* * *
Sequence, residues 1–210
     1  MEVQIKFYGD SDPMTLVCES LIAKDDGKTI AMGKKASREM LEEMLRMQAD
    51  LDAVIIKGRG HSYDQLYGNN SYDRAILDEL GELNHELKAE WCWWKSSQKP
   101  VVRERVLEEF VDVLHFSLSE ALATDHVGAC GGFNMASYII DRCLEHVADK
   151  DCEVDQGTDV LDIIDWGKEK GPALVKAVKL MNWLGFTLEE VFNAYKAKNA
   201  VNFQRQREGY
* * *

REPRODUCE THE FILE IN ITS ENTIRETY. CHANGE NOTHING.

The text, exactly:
Sequence, residues 1–210
     1  MEVQIKFYGD SDPMTLVCES LIAKDDGKTI AMGKKASREM LEEMLRMQAD
    51  LDAVIIKGRG HSYDQLYGNN SYDRAILDEL GELNHELKAE WCWWKSSQKP
   101  VVRERVLEEF VDVLHFSLSE ALATDHVGAC GGFNMASYII DRCLEHVADK
   151  DCEVDQGTDV LDIIDWGKEK GPALVKAVKL MNWLGFTLEE VFNAYKAKNA
   201  VNFQRQREGY